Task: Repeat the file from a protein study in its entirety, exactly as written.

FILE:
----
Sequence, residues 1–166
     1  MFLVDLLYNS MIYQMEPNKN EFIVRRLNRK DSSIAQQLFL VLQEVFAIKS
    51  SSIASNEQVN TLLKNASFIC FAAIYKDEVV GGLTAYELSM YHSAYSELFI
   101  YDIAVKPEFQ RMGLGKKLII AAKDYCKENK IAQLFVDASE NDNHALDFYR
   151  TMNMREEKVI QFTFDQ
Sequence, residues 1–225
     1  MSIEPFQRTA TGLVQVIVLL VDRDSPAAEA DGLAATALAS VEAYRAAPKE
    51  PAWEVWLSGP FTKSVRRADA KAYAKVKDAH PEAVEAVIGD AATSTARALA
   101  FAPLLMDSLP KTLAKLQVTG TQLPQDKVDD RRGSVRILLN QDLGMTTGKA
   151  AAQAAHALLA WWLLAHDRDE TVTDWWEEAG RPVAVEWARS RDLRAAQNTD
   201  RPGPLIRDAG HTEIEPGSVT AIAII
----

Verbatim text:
Sequence, residues 1–166
     1  MFLVDLLYNS MIYQMEPNKN EFIVRRLNRK DSSIAQQLFL VLQEVFAIKS
    51  SSIASNEQVN TLLKNASFIC FAAIYKDEVV GGLTAYELSM YHSAYSELFI
   101  YDIAVKPEFQ RMGLGKKLII AAKDYCKENK IAQLFVDASE NDNHALDFYR
   151  TMNMREEKVI QFTFDQ
Sequence, residues 1–225
     1  MSIEPFQRTA TGLVQVIVLL VDRDSPAAEA DGLAATALAS VEAYRAAPKE
    51  PAWEVWLSGP FTKSVRRADA KAYAKVKDAH PEAVEAVIGD AATSTARALA
   101  FAPLLMDSLP KTLAKLQVTG TQLPQDKVDD RRGSVRILLN QDLGMTTGKA
   151  AAQAAHALLA WWLLAHDRDE TVTDWWEEAG RPVAVEWARS RDLRAAQNTD
   201  RPGPLIRDAG HTEIEPGSVT AIAII